Jacob is a boy growing up in the seventies from the Deep South who emerges from a family of sexual deviancy and alcoholism masked by religion and wealth.
Aided by a tribe of mentors, he learns to define who he is but struggles to find the balance between religion and sexuality. To embrace his true identity, Jacob must go on an exodus to face his demons and overcome the pressures to conform.
BOY IN THE HOLE is a gripping account of a boy wrestling to understand himself, his family, and the world in which he lives. It is a cathartic tale of an adolescent refusing to accept his parents' toxic beliefs and the messages of self-hate from religion and society.
Neuropsychologist and profiler writes a novel about bullying, sexuality, and abuse.
Akiva Hersh’s novel BOY IN THE HOLE is being released in October the week of National Coming Out Day.
Akiva has degrees in Neurolinguistics and Theology and a background in training agents in the CIA, FBI, and Law Enforcement Officers; managers at Dell and 3M; professors at the University of Texas; supervisors at the United States Postal Service, and has consulted with various security details.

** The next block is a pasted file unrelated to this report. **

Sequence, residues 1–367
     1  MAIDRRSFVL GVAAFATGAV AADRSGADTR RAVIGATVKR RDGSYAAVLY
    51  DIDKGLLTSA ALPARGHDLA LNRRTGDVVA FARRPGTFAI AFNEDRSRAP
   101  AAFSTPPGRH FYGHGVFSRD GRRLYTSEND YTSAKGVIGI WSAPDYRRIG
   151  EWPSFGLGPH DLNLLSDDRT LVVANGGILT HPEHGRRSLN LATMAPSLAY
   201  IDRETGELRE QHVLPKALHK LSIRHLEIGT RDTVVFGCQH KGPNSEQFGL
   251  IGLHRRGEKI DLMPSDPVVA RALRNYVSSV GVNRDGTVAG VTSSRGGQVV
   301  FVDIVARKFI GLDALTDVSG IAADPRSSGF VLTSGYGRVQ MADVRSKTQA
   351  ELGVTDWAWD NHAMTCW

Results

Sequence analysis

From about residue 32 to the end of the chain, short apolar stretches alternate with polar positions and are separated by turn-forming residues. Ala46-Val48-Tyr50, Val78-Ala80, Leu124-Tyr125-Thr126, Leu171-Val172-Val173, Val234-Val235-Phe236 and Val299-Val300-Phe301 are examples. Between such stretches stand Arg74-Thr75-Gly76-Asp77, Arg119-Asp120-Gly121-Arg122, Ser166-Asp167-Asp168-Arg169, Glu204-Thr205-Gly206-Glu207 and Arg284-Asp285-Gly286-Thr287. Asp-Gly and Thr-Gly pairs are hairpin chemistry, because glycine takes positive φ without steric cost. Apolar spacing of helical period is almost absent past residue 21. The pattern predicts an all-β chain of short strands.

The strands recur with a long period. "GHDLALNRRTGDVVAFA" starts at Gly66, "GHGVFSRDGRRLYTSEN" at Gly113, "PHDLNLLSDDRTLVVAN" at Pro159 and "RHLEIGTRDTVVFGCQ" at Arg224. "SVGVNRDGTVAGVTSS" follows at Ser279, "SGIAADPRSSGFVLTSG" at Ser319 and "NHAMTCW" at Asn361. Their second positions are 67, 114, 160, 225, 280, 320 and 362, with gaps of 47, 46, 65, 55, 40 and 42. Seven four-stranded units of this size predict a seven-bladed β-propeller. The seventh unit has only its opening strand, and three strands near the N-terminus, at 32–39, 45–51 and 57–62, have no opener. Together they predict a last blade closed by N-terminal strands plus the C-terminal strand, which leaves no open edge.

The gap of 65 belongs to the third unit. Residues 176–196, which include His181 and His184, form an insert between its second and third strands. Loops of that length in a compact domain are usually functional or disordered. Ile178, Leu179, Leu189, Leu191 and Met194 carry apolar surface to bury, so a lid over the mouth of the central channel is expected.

He has helped abuse survivors, victims of bullying, and those struggling to come out as LGBTQ, and has volumes to say about how friends, families, and schools can help.
When not writing Literary Fiction and Thrillers, Akiva pens short stories and poems, hikes with his insane but devoted Miniature American Shepherd Zeke, plays classical piano and enjoys suspense/horror flicks.
Jacob guards his feelings. Yet, in nature, and by water specifically, he analyzes events and their consequences.
On the one hand, Jacob is afraid of his sexuality being discovered, but on the other hand he craves the contact and intimacy that can only manifest through vulnerability.
The conflict is too much. As he watches the ebb and flow of the ocean he understands his feelings have changed--not by choice--but by his concern for what people will think of him.
Boy in the Hole
So much depends then, thought Jacob, watching the emerald liquid heave and spit foamy white crests upon itself and suck them back in, so much depends, he thought, on impressions: no matter how well a person knows one, people form opinions too quickly; for his feeling for Erik had been overtaken, engulfed by a wave and sunk as he watched the green mass pulse; as slimy white fingers seized sand and shells ebulliently into frothy lips.